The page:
The other situation that frequently would come up with similar options and implications is the very common occurrence of PSA failure after attempted curative surgery or radiation (External Beam or Implant). At this unfortunate juncture, men often continue to feel fine. Still, they are tortured by the knowledge that the cancer is growing back and may be a problem at some time in the future, and some new therapies may be necessary despite the initial treatment. This dilemma can be complicated by consideration of therapies such as androgen blockade that can accelerate other chronic comorbidities and impact the quality of life in order to treat an asymptomatic lab value like the rising PSA.

We’re very excited about the encouraging preliminary results we are seeing, so in addition to continuing to audit the outcomes of our own patients at Care Oncology, we have now also begun  approaching large urology  groups to explore initiating the COC metabolic protocol as a  formal study, given the ease of implementation, fundamental affordability of the program and most importantly how empowering it has the potential to be for patients.

Stay strong and curious,

Charles Meakin MD

 

The tumor microenvironment, immune response and the COC Protocol

The body’s own anti-tumor immune response can be a powerful weapon against cancer. Once mobilized it can target and destroy cancer cells very efficiently. New and developing immunotherapies seek to harness this ability. But tumors are also very good at recruiting the immune system for their own protection. Scientists are looking for ways to help improve the body’s immune system respond to cancer and help facilitate immunotherapy treatment activity.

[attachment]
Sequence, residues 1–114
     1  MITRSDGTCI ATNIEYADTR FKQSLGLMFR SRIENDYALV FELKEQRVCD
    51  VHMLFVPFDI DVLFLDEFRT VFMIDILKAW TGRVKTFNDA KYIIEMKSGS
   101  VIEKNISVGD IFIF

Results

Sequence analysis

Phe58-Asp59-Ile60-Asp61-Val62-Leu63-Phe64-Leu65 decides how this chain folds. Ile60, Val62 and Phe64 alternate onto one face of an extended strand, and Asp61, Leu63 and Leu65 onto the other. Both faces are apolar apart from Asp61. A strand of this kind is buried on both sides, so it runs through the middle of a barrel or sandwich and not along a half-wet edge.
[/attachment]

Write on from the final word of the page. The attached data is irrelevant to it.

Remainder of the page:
Tumor Associated Macrophages (TAMs) are key immune cells which help to modulate the body’s own anti-tumor immune response. TAMs circulate in the region immediately around the tumor, called the tumor microenvironment. Once recruited by the tumor, TAMs can help to promote growth and spread of tumor cells. They can also help to stimulate the formation of new blood vessels (angiogenesis) to feed the tumor.

TAMs are generally thought to ‘polarize’ into anti-tumor M1-type or pro-tumor M2-type cells, depending on outside signals they receive. This is a growing field of research, and scientists are still working to understand just how and when TAMs can polarize to promote or inhibit cancer growth. However, there is emerging evidence that polarization of TAMs may in part be influenced by the metabolic state (i.e. nutrient availability) of the tumor microenvironment. In this way, TAMs and cancer cells may also be able to directly influence each other, depending on their own metabolic activity (Vitale et al, 2019).

In line with this, emerging evidence also suggests that the COC Protocol medications (which can help to influence cell metabolic activity), may help to beneficially modulate the anti-tumor activity of TAMs and other immune cells.